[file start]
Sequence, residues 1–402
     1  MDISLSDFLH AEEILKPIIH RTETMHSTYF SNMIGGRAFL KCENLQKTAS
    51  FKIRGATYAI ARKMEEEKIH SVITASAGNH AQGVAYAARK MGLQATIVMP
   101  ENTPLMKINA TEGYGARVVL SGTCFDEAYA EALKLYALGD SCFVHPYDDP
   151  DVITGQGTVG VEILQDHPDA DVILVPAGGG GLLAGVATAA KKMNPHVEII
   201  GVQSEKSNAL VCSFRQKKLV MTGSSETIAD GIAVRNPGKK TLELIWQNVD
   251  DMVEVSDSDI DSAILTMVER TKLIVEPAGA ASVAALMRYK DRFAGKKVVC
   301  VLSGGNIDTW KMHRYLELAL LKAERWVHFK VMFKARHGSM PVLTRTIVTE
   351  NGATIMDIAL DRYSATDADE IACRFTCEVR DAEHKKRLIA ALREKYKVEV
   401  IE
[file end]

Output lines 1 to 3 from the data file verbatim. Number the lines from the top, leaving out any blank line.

Sequence, residues 1–402
     1  MDISLSDFLH AEEILKPIIH RTETMHSTYF SNMIGGRAFL KCENLQKTAS
    51  FKIRGATYAI ARKMEEEKIH SVITASAGNH AQGVAYAARK MGLQATIVMP